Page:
Little slices of London's history

An Elizabethan Renaissance man and the Old Lady of Threadneedle Street

This day in London history: on 3 December 1586, Sir Thomas Hariot (also spelled Harriot or Herriot) introduced the potato to England. Hariot, who was primarily a mathematician and astronomer, has been described as a true Renaissance man: an adventurer, anthropologist, astronomer, author, cartographer, ethnographer, explorer, geographer, historian, linguist, mathematician, naturalist, navigator, oceanographer, philosopher, planner, scientist, surveyor, versifier and teacher.

Thomas HariotHariot was hired as a mathematics tutor for Sir Walter Raleigh; he also served as an accountant, navigational expert, ship designer, and – when Raleigh’s men brought two native Americans back from their homeland, was an ethnographer and linguist, devising a phonetic alphabet for their language.

In 1621, Hariot died of skin cancer; at the time of his death he was living with a friend in Threadneedle Street. That street, which takes its name from the arms of the Needle Makers Company, is perhaps best known as the location of the Bank of England, familiarly known as the ‘Old Lady of Threadneedle Street’.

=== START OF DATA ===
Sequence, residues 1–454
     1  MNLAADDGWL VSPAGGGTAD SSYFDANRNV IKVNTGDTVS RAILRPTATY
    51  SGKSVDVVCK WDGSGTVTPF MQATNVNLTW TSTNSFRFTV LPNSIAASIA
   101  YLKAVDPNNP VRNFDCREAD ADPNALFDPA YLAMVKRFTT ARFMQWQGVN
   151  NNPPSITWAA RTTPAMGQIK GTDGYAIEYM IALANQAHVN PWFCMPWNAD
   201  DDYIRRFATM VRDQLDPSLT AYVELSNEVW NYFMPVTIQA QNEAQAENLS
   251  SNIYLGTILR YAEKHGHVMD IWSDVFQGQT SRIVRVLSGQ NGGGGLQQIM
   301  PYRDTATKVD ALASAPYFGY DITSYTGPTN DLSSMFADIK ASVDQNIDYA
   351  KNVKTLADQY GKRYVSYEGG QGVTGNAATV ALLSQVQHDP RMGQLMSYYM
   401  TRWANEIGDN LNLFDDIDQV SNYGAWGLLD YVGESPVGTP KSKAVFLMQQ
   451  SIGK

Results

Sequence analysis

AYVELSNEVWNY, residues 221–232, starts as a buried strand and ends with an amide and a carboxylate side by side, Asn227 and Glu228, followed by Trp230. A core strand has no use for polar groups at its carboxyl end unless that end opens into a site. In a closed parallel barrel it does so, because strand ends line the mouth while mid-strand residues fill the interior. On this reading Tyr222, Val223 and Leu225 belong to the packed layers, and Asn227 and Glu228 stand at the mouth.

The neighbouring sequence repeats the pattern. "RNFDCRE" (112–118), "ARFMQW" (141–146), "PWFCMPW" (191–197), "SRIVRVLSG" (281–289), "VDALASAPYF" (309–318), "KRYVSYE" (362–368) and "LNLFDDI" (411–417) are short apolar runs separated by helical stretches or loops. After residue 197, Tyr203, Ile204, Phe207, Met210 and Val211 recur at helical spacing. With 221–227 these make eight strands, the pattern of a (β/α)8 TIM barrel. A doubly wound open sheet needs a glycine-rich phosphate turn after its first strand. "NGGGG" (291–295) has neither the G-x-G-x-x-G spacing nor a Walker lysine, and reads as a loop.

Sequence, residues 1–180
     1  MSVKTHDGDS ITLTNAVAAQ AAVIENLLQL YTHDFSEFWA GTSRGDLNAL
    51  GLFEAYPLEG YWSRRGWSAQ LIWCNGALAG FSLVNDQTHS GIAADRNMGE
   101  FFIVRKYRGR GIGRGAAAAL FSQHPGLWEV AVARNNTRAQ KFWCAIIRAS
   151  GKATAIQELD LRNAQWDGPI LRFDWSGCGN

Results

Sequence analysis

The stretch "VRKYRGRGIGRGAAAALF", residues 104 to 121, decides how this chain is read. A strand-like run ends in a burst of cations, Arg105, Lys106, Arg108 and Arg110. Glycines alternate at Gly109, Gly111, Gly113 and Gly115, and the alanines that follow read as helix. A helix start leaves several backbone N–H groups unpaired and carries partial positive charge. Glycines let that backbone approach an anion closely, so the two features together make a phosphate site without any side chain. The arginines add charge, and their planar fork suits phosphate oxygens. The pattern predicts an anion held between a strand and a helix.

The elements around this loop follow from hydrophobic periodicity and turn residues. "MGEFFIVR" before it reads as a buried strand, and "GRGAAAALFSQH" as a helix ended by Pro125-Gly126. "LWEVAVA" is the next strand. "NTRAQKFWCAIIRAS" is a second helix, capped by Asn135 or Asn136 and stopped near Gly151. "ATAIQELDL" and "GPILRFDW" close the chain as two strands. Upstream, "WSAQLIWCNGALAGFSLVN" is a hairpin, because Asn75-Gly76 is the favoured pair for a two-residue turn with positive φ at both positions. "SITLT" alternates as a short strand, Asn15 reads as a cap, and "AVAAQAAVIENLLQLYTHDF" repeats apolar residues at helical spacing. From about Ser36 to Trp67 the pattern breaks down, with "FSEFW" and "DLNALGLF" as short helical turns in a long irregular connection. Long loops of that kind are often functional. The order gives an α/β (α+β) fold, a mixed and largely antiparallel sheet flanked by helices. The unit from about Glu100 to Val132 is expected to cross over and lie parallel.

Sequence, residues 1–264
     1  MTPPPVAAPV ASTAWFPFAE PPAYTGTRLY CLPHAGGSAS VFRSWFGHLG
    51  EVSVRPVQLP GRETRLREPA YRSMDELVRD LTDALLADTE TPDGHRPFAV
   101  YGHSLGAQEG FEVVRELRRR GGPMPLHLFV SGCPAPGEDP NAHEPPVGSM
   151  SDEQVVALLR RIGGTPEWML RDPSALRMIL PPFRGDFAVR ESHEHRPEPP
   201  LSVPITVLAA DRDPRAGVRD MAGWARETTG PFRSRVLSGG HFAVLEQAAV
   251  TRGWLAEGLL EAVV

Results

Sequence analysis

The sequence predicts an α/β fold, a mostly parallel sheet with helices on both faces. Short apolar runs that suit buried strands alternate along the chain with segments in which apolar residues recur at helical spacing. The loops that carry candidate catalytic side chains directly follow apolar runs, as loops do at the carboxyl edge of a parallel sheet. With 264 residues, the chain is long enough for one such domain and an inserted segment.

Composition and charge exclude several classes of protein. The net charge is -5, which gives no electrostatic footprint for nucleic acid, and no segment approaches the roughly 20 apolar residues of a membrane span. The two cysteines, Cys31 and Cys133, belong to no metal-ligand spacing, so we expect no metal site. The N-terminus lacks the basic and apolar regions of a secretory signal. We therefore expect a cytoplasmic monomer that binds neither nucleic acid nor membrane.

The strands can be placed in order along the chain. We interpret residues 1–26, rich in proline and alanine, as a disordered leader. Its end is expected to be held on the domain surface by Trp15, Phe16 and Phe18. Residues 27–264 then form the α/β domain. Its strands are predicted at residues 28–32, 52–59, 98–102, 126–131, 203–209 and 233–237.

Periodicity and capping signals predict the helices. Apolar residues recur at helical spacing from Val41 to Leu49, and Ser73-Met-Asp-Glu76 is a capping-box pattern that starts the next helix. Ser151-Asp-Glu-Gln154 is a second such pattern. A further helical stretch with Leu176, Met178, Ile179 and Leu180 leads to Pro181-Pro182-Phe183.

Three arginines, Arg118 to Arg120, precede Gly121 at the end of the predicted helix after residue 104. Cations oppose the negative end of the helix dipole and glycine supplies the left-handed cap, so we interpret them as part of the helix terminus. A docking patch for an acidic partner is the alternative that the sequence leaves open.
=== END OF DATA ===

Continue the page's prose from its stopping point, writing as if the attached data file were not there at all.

EAS_4091The nickname comes from a cartoon by James Gillray published in 1797 during the wars against Revolutionary France. According to the Bank of England’s website, “The Government had been making continued demands upon the Bank for gold, which led ultimately to the Bank being to suspend payment of its own notes in gold and the issue of £1 and £2 notes for the first time. The Prime Minister, William Pitt the Younger, is shown attempting to obtain gold from the Bank, which is represented by an old lady in a dress of the new £1 notes seated on a money chest.”

2 responses to “An Elizabethan Renaissance man and the Old Lady of Threadneedle Street”

  1. […] Sir Thomas Hariot, who introduced the potato to England, died in Threadneedle Street. […]

  2. […] sad story of a bereaved sister. Another tidbit of information about the street is that it is where Sir Thomas Hariot, who introduced the potato to England, […]

About Me (and my Obsession)

My obsession with London street names began in the early 90s when I worked in the Smithfield area and happened upon Bleeding Heart Yard. In my wanderings around London, I kept adding to my store of weird and wonderful street names. Eventually it was time to share – hence my blog. I hope you enjoy these names as much as I do.
– Elizabeth


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